Fluorescent light problem? ? ?

I have a string of three under-the-counter fluorescent lights.
The first one won't come on. It's not the tube, because when I replace it with a working tube, it still won't come on.
Both ends of the tube get hot, but there's no light.
Any guidance or experience welcome.
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Ray wrote:

replace the starter if it has one looks like a little barrel and is aluminum, push and twist to remove it Clark...
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If it's a relatively new fixture, it won't have a starter, but it will have a ballast transformer. Open the fixture, check all connections, if nothing is loose, replace the ballast

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I think that's what it is -- Iballast.
'll go to a lighting store as soon as they reopen after the holiday weekend.

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Do the working units get hot? If so, you may want to consider replacing all ballasts with electronic units. Most likely yours are conventional ballasts that use transformers. They get hot, hum and flicker. Electronic units don't. If you replace just the bad unit with an electronic one, the others won't be as bright because electronic ballasts are more efficient, therefore more light and less heat.
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Ballast. Before you buy one, check the price of a new fixture as it is often cheaper to replace the whole thing.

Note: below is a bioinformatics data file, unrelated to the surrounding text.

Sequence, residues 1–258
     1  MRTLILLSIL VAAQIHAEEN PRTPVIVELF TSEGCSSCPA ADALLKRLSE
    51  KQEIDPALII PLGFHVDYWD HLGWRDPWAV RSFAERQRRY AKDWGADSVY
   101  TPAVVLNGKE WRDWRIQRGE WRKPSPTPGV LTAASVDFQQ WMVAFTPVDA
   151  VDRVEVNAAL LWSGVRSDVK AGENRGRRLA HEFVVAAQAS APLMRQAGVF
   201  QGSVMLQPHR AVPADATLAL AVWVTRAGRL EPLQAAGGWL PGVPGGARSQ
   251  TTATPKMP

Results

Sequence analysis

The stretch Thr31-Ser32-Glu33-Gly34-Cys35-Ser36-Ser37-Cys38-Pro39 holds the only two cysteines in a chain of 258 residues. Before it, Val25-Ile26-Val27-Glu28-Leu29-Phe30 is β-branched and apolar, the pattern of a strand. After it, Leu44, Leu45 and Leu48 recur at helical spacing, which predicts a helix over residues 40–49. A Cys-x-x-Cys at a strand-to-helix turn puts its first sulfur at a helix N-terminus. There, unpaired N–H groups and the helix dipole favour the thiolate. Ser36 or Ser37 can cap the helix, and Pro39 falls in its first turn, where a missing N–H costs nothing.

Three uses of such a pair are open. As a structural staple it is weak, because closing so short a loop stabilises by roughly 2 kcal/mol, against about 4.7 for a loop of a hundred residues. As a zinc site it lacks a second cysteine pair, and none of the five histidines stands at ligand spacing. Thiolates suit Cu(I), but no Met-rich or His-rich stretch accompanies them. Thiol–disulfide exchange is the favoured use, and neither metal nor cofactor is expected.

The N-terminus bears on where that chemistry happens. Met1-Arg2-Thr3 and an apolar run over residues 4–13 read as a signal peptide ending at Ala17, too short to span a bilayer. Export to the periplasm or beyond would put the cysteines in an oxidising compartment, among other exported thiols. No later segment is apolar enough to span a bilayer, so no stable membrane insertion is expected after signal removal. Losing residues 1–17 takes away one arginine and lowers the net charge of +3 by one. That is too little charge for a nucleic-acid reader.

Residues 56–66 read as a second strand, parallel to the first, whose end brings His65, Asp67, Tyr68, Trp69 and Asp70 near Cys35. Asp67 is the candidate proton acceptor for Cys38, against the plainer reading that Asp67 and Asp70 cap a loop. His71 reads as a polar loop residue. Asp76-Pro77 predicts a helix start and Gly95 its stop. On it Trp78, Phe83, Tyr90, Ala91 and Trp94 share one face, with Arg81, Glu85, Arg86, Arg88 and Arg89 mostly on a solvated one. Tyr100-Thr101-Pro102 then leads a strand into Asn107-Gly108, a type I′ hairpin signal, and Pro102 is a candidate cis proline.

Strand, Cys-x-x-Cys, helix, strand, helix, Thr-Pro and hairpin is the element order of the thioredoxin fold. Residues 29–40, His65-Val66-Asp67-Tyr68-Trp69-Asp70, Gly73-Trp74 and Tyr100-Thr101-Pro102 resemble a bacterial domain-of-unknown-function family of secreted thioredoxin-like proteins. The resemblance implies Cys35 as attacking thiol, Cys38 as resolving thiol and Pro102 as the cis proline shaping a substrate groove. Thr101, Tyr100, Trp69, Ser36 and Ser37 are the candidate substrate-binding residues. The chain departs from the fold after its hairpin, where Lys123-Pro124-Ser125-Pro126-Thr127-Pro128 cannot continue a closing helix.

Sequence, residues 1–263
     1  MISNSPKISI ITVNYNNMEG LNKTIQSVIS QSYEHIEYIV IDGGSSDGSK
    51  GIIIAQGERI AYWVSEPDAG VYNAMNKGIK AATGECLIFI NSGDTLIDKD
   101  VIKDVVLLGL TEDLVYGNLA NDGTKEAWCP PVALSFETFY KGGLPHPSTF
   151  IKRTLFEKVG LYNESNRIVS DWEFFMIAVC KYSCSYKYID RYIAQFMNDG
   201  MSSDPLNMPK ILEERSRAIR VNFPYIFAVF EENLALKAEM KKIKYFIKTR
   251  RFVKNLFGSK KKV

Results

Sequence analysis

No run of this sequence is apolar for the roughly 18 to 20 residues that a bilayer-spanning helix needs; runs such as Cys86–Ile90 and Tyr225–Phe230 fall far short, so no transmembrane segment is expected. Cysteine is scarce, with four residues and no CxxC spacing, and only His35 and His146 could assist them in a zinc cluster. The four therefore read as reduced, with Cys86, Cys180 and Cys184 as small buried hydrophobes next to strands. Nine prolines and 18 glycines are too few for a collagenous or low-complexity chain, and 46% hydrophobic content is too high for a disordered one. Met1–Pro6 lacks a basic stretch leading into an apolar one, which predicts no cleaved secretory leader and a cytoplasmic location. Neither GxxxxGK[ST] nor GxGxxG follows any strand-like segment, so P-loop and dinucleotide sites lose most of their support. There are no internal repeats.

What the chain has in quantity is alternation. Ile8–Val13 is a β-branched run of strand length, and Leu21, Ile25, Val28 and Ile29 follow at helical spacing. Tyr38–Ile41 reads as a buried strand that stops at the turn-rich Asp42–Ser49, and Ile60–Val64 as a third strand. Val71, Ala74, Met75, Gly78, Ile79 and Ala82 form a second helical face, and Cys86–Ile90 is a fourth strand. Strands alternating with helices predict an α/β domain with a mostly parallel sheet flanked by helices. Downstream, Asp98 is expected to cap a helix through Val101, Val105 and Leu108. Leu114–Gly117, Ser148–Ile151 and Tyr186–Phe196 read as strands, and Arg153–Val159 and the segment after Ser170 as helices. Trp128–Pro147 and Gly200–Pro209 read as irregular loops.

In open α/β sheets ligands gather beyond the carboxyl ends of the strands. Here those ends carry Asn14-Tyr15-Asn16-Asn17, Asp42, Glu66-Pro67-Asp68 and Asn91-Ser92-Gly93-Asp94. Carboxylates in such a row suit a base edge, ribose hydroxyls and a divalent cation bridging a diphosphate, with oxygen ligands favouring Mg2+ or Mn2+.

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On 7/4/2008 12:04 PM Edwin Pawlowski spake thus:

>

Maybe not cheaper, but possibly a hell of a lot easier to replace the whole fixture.
Have a current client with exactly the same problem: one of her under-shelf lights doesn't work even with known good bulbs. I'm currently trying to track down a ballast, based on what I copied off the old one, and think I've found one, but it took some doing. Nothing in the Grainger catalog, and both Ace stores I called said they had nothing; one suggested going to *their* supplier, a "real" electric supply house, which I did, and they think they've found one. At about $25, it's definitely going to be cheaper to just replace the ballast.
This is a non-trivial exercise. The light in question is an oddball one: two T5 lamps, but they're different sizes (F5 & F13). The ballast is an itty-bitty electronic one, so size is important.
I wonder how much searching it would take to find a replacement for the whole light fixture ...
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Nebenzahl wrote:

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On 7/4/2008 1:47 PM Don Klipstein spake thus:

Good advice, no doubt; but unfortunately in my case I have no choice, as I'm working on an existing installation. (This is about a 10-year old set of custom cabinets, with under-cabinet lights illuminating a work area. The lights were installed by the cabinet contractor. Dunno why they chose these particular lights; I also don't like parts of the installation, like where they ran exposed wires (insulated, but not in channel or Romex) between lights.)

Again, sounds like good advice, and I'll take your word as to the accuracy of your list.